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Are Premium Bonds worth the gamble?

Savers can now invest £50,000 in NS&I bonds

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Savers can invest a new maximum of £50,000 in Premium Bonds from today. 

A wealth of savings are expected to pour into the National Savings & Investments (NS&I) bonds following the increase from £40,000.

The limit was last increased, from £30,000, in June 2014, since when the total amount invested has risen by £6bn, according to NS&I.

It said it is expecting this figure to increase again following today’s changes. 

But are Premium Bonds the smartest place to invest money? Which? weighs up the pros and cons. 

Premium Bonds: the basics  

Premium Bonds don’t generate interest. Instead, each bond is entered into a monthly prize draw and winners are selected at random by NS&I.

Each month you could win a cash prize, from £25 up to a jackpot of £1 million. All winnings are tax-free. 

The number of monthly £1m jackpot prizes awarded doubled from one to two last August. 

Find out more: Premium Bonds – our guide explains everything you need to know

Premium Bonds: What are the odds of winning?

The monthly prize pot is generated from interest paid on the total amount invested in bonds. This is currently set at an annual rate of 1.35%.

Essentially, this means someone with ‘average luck’ may get a return of around 1.35% on their investment. 

Of course, there’s a possibility you might never receive a prize and the real value of your savings will be diminished by inflation.

On the other hand, there’s a monthly opportunity to win a life-changing amount of money.   

What are the best alternatives to Premium Bonds?


Isas pay tax-free interest on your savings. The overall limit for new deposits into an Isa is £15,240 during the 2015/2016 tax year. This can be placed into a cash Isa, a stocks and shares Isa or a mixture of both.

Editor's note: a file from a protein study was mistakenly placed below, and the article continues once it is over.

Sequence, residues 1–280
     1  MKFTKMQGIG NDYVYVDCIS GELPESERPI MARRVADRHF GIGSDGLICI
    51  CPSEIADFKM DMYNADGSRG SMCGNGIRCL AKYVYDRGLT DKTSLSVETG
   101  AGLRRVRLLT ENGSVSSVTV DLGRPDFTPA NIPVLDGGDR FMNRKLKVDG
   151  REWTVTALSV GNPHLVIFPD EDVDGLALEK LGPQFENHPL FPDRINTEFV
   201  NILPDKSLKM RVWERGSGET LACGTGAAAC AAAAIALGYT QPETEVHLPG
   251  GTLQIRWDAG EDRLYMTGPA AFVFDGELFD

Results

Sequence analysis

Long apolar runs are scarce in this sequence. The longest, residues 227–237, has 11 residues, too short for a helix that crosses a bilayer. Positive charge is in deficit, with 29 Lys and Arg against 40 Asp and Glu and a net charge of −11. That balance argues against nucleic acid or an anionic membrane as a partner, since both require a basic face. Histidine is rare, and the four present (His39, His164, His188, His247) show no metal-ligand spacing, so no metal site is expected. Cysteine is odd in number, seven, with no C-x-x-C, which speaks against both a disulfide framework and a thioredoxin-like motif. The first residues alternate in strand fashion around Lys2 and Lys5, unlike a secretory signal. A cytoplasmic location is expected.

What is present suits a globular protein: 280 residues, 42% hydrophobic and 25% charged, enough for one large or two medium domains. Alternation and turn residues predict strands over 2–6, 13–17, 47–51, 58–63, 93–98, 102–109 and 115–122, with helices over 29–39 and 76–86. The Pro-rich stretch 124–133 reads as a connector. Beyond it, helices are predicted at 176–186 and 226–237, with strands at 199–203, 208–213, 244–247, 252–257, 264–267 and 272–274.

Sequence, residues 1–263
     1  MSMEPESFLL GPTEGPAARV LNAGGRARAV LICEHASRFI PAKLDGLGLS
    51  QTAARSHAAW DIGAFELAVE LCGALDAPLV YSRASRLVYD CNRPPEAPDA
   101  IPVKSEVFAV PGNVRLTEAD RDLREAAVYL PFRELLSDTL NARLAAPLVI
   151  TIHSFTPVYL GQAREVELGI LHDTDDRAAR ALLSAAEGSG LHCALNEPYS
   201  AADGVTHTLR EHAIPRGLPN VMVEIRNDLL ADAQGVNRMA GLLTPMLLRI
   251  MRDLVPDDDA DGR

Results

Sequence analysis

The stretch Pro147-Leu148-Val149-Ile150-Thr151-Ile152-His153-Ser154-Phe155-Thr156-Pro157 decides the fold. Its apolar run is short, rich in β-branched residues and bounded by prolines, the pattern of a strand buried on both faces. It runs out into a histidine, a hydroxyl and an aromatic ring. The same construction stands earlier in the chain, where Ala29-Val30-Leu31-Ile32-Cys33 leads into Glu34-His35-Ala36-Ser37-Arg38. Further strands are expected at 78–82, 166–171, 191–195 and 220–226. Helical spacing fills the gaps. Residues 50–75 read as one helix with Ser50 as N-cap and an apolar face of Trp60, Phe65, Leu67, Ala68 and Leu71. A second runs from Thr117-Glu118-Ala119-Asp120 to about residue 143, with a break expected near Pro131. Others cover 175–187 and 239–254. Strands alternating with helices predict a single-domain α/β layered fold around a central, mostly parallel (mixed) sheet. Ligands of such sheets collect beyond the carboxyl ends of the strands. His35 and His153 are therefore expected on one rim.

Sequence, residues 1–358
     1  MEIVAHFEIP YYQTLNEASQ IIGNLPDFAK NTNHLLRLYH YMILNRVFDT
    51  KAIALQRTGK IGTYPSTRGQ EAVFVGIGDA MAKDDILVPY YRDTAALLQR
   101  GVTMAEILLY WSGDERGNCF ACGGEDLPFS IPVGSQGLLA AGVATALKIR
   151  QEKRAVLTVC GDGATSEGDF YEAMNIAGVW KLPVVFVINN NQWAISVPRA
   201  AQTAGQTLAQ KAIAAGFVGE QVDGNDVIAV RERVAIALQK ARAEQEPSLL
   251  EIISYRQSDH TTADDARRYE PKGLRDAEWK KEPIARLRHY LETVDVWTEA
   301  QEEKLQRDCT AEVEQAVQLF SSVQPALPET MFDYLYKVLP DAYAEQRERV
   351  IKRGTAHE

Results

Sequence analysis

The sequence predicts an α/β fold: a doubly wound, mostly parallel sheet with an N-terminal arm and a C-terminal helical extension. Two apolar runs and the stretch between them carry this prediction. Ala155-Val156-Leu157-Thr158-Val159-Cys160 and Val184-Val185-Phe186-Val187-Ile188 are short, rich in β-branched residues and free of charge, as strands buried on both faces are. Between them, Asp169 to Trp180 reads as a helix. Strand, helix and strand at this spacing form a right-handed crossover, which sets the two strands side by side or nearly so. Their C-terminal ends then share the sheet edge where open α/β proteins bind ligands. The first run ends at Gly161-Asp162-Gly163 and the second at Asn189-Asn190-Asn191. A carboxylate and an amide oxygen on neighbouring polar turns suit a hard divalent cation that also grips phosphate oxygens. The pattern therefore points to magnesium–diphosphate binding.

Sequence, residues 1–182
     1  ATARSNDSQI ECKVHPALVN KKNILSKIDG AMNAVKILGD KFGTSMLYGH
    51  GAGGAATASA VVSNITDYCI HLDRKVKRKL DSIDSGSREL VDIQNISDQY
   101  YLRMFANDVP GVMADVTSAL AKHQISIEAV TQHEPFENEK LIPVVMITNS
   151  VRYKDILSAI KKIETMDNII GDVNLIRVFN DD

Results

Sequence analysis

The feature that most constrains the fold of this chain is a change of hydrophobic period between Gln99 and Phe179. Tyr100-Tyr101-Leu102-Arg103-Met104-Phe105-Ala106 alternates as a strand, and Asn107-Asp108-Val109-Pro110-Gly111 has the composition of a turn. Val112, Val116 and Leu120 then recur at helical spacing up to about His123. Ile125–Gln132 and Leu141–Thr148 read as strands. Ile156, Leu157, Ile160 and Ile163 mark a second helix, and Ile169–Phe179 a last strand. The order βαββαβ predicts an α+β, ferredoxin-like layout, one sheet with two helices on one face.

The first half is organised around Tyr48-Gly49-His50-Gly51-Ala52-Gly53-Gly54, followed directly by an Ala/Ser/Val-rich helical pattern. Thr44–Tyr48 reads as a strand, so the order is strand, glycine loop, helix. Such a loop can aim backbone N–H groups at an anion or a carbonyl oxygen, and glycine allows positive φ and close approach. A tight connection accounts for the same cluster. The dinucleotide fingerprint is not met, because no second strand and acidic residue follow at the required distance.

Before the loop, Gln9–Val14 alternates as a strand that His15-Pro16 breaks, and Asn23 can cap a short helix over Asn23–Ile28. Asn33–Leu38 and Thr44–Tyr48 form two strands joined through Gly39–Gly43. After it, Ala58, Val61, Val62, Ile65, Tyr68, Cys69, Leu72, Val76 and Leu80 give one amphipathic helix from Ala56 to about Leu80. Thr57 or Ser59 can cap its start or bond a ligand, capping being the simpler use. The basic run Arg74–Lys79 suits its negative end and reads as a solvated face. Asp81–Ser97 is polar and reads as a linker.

The best rate instant-access cash Isa in the Which? Money Compare Tables comes from Punjab National Bank, offering 2.00% AER. 

Which? Money Compare Table: – Instant-access cash Isas – find a great deal 

Savings accounts

There’s no annual limit to the amount of savings you can place into a traditional savings account. Most savings accounts allow you to deposit far more than £50,000, whereas you can only invest £50,000 in Premium Bonds.   

According to the Which? Money Compare tables, the best rate instant-access savings account currently pays 2.02% AER, although interest earned will be taxable.

Which? Money Compare Table – Instant-access savings accounts – hundreds of accounts compared 

Current accounts

There are plenty of current accounts paying better rates of interest on in-credit balances, although you’ll often have to meet a number of criteria to qualify for interest, which will be taxable.

Savers with between £3,000 and £20,000 can earn 3% AER before tax in Santander’s 123 account. Nationwide and TSB also offer top-paying current accounts, both paying 5% AER before tax on balances up to £2,500 and £2,000 respectively.

Find out more: Best rate current accounts – see our tables for more information  

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